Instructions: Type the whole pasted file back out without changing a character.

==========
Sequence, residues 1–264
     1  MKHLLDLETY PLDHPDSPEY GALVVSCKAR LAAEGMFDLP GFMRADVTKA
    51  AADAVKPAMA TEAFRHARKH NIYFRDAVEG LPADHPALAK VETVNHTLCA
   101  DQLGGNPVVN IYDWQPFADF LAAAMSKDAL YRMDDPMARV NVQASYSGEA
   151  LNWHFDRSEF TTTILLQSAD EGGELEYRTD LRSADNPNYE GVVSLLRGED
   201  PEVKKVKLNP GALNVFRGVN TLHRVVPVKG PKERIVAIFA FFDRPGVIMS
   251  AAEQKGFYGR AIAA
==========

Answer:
Sequence, residues 1–264
     1  MKHLLDLETY PLDHPDSPEY GALVVSCKAR LAAEGMFDLP GFMRADVTKA
    51  AADAVKPAMA TEAFRHARKH NIYFRDAVEG LPADHPALAK VETVNHTLCA
   101  DQLGGNPVVN IYDWQPFADF LAAAMSKDAL YRMDDPMARV NVQASYSGEA
   151  LNWHFDRSEF TTTILLQSAD EGGELEYRTD LRSADNPNYE GVVSLLRGED
   201  PEVKKVKLNP GALNVFRGVN TLHRVVPVKG PKERIVAIFA FFDRPGVIMS
   251  AAEQKGFYGR AIAA